the publishers. The series relied heavily on financial information about the com-
14CF&I officials in Denver were greatly relieved. But the prospect for returning to prestrike levels of
production were limited by a reduction in demand from the railroads, one of the company’s biggest cus-
tomers, as well a “dullness” in the demand for steel rails, the principal product of CF&I’s steel works in
Pueblo (Welborn, 1914h).
pany’s operations. The first ad, for example, pointed out that open shop mines
were more productive and that workers, on average, earned wages that were 27%
higher than unionized mines. Another ad compared wages in Colorado to else-
where in the world. A third ad explained how the company generated $100 in
wages for every $1 paid to stockholders. The last ad recounted the wages paid in
every mine to the “army of loyal employees, who in their silent fashion manifested
their preference to work in the ‘open shop’ promised to them at these mines, where
any good workman, union or non-union, is welcome” (CF&I, 1914c).
Following his second trip to Colorado, Lee returned to the East Coast. After nearly
a month away from his duties at the Pennsylvania Railroad, he had to focus atten-
tion on the needs of his employer, which was still awaiting word on its rate increase.
However, during the fall of 1914, Lee produced four more bulletins, which were is-
sued under the Series II for CF&I alone, maintained important contacts with the
Rockefellers, and engaged in scattered other activities.
Immediately upon his return, Lee met with Rockefeller and his staff in New
York. Welborn attended the meeting as well, and reported to the group on his talk
in Washington with President Wilson. At the New York meeting, Lee met for the
first time William Lyon Mackenzie King, the former Canadian minister of labor,
who was retained by the Rockefeller Foundation to conduct a study of labor condi-
tions in the United States, including Colorado.
By October, the stature of Lee in the minds of Rockefeller’s staff was evidenced
when general counsel Starr J. Murphy wrote Lee for advice on how to dispose of a
pestering publisher, H. H. Lewis of Industrial News: “I am in hopes that your dip-
lomatic and tactful mind will suggest some way of getting rid of the gentlemen
without any serious damage” (Murphy, 1914d; Lee, 1914z). Lee also leveraged his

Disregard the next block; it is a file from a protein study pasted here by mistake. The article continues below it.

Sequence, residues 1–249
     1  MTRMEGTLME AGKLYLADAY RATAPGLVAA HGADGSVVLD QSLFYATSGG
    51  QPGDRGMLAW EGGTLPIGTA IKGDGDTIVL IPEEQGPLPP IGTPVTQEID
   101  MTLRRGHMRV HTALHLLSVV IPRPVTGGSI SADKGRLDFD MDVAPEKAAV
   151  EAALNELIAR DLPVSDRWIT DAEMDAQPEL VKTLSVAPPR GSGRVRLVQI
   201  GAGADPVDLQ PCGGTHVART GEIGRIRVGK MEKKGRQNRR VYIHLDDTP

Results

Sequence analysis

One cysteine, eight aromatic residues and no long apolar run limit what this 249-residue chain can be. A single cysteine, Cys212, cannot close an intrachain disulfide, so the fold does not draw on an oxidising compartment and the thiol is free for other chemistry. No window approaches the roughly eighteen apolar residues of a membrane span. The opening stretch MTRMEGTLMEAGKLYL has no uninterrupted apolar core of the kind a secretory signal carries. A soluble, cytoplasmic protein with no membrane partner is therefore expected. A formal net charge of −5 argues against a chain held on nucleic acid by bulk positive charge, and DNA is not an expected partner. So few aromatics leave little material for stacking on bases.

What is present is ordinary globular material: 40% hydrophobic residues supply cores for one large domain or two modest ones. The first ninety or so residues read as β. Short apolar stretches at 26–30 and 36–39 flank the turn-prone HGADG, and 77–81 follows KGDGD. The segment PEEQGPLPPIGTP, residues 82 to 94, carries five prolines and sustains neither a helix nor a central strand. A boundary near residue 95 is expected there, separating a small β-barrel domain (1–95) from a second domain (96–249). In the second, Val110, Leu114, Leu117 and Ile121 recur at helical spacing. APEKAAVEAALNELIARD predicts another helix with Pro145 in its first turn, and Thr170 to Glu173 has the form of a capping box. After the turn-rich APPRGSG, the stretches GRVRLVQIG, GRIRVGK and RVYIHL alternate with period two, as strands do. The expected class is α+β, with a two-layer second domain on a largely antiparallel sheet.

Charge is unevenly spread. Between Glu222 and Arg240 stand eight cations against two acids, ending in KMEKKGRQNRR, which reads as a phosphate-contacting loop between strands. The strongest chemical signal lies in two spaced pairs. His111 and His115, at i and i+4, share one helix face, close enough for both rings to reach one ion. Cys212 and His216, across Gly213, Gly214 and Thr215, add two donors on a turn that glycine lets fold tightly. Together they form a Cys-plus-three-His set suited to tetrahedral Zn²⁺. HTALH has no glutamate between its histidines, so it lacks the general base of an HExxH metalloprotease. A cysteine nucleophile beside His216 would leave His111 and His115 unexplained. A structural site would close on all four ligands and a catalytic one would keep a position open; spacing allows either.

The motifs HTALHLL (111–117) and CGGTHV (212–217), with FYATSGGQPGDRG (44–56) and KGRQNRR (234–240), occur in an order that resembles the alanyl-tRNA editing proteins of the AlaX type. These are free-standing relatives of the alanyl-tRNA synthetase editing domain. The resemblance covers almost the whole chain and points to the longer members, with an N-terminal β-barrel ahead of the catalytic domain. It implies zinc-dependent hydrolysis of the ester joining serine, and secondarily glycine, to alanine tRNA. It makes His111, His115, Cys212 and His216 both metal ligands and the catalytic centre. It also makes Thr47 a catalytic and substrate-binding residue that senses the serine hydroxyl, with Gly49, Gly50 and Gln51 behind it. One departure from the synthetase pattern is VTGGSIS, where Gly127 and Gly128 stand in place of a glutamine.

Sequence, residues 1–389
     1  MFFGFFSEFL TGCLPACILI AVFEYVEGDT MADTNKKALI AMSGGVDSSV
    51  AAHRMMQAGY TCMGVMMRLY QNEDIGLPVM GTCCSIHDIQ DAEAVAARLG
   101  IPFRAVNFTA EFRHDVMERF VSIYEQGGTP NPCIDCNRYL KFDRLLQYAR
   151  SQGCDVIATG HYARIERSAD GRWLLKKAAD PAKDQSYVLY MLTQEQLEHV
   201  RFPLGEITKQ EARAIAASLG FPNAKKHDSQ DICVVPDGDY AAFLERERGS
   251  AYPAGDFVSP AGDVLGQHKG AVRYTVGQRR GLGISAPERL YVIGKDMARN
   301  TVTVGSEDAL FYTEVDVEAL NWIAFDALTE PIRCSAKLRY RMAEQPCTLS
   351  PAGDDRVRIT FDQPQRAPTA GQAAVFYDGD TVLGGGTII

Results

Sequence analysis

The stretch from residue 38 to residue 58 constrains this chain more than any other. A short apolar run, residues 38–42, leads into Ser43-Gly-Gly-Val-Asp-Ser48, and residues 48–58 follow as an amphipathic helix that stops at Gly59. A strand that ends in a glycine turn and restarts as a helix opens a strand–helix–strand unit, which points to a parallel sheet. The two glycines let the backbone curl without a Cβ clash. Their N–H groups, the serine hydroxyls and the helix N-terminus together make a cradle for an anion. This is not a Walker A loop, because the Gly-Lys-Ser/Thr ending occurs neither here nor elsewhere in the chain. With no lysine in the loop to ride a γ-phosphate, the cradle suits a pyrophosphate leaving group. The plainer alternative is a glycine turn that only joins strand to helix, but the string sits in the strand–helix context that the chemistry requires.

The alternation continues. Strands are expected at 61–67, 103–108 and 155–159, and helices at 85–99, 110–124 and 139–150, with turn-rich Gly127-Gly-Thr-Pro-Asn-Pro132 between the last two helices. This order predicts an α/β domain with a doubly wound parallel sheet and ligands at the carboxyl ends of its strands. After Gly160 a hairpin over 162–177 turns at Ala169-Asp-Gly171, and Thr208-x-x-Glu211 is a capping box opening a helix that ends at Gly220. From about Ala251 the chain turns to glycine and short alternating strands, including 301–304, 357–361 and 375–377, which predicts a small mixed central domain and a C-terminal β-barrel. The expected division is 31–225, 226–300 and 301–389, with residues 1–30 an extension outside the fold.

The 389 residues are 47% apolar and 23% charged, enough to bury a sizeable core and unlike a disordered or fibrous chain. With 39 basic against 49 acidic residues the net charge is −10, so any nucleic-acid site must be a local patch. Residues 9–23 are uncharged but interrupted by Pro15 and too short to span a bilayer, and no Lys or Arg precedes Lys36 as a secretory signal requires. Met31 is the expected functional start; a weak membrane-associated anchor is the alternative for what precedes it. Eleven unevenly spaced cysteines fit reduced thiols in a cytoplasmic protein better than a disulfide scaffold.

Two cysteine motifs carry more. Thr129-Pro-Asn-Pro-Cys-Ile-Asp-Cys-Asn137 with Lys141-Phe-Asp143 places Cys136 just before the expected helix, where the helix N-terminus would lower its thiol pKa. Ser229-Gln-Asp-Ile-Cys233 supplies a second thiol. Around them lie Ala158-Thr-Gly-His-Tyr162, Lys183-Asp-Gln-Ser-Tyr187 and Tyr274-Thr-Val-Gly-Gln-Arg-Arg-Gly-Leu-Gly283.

position at the Pennsylvania Railroad, a major producer as well as user of coal, to
obtain valuable intelligence about how union officials saw labor conditions in Col-
orado (Lee, 1914aa). Finally, he consulted with Rockefeller Foundation officials
on a release they had prepared to announce the appointment of William Mackenzie
King as a labor relations consultant (Greene, 1914d).
Soon after launching the program, Lee hired several clipping services to re-
trieve stories from national newspapers. The clips were analyzed by Lee’s assis-
tant, W. T. Pollack, who began his work with Lee in Philadelphia and continued to
work for Lee in 1915. The single extant copy of the reports suggests that the re-
ports were produced about three times a month. Pollack’s analysis shows that 47
editorials were received in the 10-day period from November 1 to 10, 1914. The
report showed that 28 of the stories were positive, 14 negative, and 5 neutral. The
report also noted that several editorial replies by President Welborn were included
in the coverage (Pollack, 1914).
In November, Rockefeller and Lee discussed the prospect of the publicist joining
the New York staff—an idea apparently initiated by JDR, Jr.15 In a letter, Lee said
he would be honored but said he would require a salary of $15,000 a year, plus mov-
ing expenses—a figure higher than the $12,000 Rockefeller had suggested. Lee
justified the 50% increase in salary (compared to the $10,000 he was earning at the
Pennsylvania) based on the higher cost of living in New York, lost perquisites, and
the salaries of several of his peers at other major industrial concerns (Lee, 1914bb).